Black Diamond Kits

Black Diamond Kits
Sage's Kits, Nine Weeks Old

Monday, June 9, 2014

Chocolates into Steels? Or Crazy Rabbit Genetics?

A chocolate kit was born and fifteen days later it turned into a steel. Chocolate steel.  Crazy.

Rabbit color genetics is really hard to understand, especially when you are nine.  My mom says it's not that bad.  She's nuts.

Anyway, both of Cookie's parents are steel, one lilac steel and one a broken chocolate steel.  The genotype for both of them is EsE.  Es (steel gene) is dominant to E.  But!  If you have two Es genes, then sometimes the steel phenotype disappears, and the rabbit appears to be EE.  We believe this is what happened with Cookie, who is very clearly a broken chocolate. A most adorable broken chocolate.

What this means is that all of Cookie's offspring will be steel.  In this case, when bred with Snowball, chocolate or lilac steel.  Every single one. 

So all the chocolate and lilac kits are chocolate and lilac steel, and all the broken chocolate and broken lilac are broken chocolate steel and broken lilac steel.  Except that the brokens aren't looking very steel-like.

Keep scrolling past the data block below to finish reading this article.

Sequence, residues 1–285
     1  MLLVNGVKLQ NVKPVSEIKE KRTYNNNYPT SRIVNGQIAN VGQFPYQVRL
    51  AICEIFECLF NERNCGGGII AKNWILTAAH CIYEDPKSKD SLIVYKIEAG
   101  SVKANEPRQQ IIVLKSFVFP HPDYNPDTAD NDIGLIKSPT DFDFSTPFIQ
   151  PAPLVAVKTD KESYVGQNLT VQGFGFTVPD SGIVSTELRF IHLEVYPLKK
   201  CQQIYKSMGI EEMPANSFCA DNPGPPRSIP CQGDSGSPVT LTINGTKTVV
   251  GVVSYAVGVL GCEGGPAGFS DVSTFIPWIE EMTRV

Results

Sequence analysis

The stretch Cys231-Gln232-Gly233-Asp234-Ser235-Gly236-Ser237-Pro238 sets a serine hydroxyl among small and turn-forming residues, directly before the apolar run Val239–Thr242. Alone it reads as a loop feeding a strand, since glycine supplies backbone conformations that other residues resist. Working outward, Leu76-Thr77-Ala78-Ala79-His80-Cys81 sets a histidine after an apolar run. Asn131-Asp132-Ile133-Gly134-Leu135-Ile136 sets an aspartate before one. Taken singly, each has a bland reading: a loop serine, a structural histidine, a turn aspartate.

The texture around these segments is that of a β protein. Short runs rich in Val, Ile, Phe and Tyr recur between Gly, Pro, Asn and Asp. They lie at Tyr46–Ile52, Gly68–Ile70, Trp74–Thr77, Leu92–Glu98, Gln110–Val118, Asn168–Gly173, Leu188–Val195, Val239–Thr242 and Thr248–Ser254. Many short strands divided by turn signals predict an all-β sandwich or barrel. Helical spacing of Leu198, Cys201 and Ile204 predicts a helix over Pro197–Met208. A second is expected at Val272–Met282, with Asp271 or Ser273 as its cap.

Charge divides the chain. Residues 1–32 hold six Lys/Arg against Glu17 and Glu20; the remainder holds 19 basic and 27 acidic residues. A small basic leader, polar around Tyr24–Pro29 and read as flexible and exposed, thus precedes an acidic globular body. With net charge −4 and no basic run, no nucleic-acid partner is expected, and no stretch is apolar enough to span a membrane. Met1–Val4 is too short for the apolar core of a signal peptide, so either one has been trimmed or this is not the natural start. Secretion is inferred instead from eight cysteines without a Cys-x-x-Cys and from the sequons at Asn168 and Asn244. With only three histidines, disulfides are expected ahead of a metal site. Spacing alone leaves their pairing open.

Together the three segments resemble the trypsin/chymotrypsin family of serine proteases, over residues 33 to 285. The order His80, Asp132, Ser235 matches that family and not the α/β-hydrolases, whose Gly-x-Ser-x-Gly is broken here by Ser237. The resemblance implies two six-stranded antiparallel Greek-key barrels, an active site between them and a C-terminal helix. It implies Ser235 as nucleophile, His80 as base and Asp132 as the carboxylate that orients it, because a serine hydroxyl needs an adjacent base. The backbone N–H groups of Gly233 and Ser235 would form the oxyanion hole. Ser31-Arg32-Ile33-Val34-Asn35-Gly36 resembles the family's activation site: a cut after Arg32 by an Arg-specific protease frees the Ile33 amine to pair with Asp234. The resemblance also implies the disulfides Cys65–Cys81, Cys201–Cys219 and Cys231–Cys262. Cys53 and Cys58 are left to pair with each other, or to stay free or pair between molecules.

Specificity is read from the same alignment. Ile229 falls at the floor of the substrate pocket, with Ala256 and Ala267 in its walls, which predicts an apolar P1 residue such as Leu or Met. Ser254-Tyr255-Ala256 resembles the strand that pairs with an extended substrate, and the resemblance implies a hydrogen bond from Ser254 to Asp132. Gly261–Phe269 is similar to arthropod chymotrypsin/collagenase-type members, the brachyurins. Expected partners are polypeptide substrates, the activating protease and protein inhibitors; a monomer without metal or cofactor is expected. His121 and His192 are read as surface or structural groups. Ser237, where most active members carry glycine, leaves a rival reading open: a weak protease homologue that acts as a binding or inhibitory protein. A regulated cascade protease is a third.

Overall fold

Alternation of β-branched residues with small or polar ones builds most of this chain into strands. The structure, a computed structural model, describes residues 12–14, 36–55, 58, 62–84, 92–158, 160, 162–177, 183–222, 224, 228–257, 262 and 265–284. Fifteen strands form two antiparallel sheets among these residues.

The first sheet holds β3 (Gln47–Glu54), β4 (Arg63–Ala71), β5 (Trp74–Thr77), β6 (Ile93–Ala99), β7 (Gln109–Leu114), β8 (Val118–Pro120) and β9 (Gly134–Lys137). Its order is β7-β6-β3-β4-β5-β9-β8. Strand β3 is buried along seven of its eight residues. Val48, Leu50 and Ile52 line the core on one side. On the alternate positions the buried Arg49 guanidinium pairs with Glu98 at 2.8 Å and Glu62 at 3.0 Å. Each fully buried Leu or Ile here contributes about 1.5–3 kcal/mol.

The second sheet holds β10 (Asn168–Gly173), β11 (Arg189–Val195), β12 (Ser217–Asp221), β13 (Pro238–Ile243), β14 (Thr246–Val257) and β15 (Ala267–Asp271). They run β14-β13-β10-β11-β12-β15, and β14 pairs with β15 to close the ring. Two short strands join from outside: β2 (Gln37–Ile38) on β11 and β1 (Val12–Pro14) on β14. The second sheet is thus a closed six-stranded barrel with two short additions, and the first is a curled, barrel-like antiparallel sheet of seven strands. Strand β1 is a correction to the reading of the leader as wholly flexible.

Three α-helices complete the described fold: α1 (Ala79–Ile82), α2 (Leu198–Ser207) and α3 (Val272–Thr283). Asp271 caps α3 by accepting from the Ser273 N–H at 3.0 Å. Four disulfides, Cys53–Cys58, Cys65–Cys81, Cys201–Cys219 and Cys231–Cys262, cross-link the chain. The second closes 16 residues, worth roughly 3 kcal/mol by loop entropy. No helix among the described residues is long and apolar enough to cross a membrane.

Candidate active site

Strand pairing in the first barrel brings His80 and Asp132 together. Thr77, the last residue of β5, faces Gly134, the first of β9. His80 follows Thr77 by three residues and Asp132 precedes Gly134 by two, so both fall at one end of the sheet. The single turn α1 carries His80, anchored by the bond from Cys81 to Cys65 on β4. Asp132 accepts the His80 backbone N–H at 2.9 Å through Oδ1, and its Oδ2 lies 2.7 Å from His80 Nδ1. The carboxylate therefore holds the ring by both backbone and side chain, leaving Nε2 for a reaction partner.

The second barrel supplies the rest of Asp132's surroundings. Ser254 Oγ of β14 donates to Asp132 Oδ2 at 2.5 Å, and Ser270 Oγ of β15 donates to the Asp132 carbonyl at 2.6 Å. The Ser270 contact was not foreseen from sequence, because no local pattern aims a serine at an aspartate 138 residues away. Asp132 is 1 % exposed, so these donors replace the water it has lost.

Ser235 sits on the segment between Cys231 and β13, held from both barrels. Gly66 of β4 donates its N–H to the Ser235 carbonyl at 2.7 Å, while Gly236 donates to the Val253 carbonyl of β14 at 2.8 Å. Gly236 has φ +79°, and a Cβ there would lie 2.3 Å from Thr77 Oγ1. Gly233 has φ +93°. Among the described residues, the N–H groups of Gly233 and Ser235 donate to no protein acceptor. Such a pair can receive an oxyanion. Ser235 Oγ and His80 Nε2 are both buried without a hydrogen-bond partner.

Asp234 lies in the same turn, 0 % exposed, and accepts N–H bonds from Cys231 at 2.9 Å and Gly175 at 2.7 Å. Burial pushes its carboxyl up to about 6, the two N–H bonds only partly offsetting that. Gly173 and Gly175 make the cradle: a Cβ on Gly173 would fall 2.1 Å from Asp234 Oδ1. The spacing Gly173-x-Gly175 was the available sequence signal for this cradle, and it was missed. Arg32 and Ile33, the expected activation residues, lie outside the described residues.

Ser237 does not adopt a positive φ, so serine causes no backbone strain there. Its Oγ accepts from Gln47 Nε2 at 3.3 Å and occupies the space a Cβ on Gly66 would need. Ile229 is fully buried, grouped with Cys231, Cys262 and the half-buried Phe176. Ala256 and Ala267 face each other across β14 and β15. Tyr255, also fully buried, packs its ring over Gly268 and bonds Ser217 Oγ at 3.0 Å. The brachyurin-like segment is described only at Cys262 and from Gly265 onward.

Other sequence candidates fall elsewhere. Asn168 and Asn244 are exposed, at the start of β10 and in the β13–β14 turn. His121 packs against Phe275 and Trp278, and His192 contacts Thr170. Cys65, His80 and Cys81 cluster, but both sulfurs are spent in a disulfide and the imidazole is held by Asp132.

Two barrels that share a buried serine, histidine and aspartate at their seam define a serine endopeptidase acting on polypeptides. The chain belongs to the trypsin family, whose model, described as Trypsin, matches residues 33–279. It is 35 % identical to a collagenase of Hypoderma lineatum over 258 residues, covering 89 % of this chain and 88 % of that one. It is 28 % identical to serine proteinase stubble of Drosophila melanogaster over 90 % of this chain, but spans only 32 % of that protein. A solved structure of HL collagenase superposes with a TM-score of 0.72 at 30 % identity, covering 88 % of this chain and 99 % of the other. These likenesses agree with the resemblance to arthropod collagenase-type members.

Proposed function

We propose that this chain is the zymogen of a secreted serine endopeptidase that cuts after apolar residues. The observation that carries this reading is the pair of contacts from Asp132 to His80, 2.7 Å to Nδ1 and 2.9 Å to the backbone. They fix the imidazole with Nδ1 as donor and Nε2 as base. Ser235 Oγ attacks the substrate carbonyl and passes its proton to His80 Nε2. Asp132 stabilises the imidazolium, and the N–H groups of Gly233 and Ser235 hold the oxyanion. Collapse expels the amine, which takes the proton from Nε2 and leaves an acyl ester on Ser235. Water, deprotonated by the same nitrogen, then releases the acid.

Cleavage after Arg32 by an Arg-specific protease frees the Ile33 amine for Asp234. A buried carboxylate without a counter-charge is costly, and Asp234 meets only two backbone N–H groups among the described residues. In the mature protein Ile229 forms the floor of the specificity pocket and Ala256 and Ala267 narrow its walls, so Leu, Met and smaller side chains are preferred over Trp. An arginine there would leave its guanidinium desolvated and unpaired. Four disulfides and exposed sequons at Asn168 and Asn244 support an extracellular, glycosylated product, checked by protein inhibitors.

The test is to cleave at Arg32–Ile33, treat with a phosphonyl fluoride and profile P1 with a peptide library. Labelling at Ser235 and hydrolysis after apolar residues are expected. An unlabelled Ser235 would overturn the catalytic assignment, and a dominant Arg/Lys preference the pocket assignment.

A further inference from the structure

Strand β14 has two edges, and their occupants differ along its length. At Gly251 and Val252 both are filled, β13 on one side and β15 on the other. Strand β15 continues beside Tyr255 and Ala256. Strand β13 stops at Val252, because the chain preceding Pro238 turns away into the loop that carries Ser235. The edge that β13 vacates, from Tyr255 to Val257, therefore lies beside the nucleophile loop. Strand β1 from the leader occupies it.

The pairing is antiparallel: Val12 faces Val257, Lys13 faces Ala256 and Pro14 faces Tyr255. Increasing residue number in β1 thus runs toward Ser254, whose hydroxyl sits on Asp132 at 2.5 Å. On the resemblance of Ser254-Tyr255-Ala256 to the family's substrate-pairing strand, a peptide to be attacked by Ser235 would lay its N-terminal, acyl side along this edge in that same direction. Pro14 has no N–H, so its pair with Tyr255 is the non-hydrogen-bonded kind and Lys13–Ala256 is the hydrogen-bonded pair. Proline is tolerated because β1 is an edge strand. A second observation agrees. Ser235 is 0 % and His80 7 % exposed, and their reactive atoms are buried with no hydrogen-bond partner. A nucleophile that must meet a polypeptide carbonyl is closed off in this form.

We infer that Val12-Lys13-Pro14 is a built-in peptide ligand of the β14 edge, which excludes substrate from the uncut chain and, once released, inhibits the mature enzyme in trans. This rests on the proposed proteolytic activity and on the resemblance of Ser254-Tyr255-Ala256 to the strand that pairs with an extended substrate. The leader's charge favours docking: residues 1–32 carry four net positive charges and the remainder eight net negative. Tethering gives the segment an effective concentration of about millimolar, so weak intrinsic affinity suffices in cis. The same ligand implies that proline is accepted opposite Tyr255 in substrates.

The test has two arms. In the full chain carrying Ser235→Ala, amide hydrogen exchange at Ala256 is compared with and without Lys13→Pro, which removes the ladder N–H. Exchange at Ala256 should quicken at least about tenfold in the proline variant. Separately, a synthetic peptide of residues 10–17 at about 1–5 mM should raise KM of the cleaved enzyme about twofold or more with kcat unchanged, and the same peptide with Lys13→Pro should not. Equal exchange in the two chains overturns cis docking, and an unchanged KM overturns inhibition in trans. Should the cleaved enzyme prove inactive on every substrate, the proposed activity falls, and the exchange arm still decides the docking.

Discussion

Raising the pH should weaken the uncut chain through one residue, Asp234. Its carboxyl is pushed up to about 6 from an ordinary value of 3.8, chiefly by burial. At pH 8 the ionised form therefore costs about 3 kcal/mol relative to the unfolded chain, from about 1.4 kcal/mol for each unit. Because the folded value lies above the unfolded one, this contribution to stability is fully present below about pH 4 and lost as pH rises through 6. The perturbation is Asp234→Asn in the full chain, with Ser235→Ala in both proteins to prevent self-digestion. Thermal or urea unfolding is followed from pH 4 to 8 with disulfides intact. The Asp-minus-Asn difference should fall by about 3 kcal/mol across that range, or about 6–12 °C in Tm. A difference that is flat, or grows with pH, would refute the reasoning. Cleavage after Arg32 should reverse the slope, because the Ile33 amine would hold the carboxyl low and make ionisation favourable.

We are so confused.
Self chocolate (left) and chocolate steel (right)

Tuesday, June 3, 2014

The Kits Are Here, Part II

By Charlotte

Tootsie’s kits were born May 25, between 7AM and 10AM.  Sadly, we were not watching, which we later learned we should have been doing.  Seven of the kits were born out of the nesting box.  Two were born in the nesting box, and one of those survived.  We are actually pretty well off because it is very common for does to lose their first litter of kits.  Sometimes it takes three to five tries for a doe to become a good mother. 

We called one of the breeders we got our French angoras from for advice on whether we should put the surviving kit with Snowball’s litter or leave it with Tootsie.  We were advised to put the lone surviving kit in with Snowball.  I stayed up all night with the rabbits—I was so stressed!
Later I saw that Tootsie was looking for her kit, and she looked very distraught and concerned.  She went into the nesting box three or four times, pulling more wool.  Finally, after careful deliberation we decided to put her kit back with her and one of Snowball’s as well.

The next day we checked carefully and often to make sure all was well.  I saw Tootsie go in and feed them a few times, so I was pretty proud of my rabbit.  Tootsie’s kit has a lot of hair and wrinkles of fat.  I call him Roly Poly.  He’s about twice the size of Snowball’s kits.  I think he had a much better start than Snowball’s litter because Snowball refused to eat her pellets for four days.  Apparently does can become very picky eaters when pregnant.

Tootsie is very protective of her kits, which is scary at times.

The kits at five days old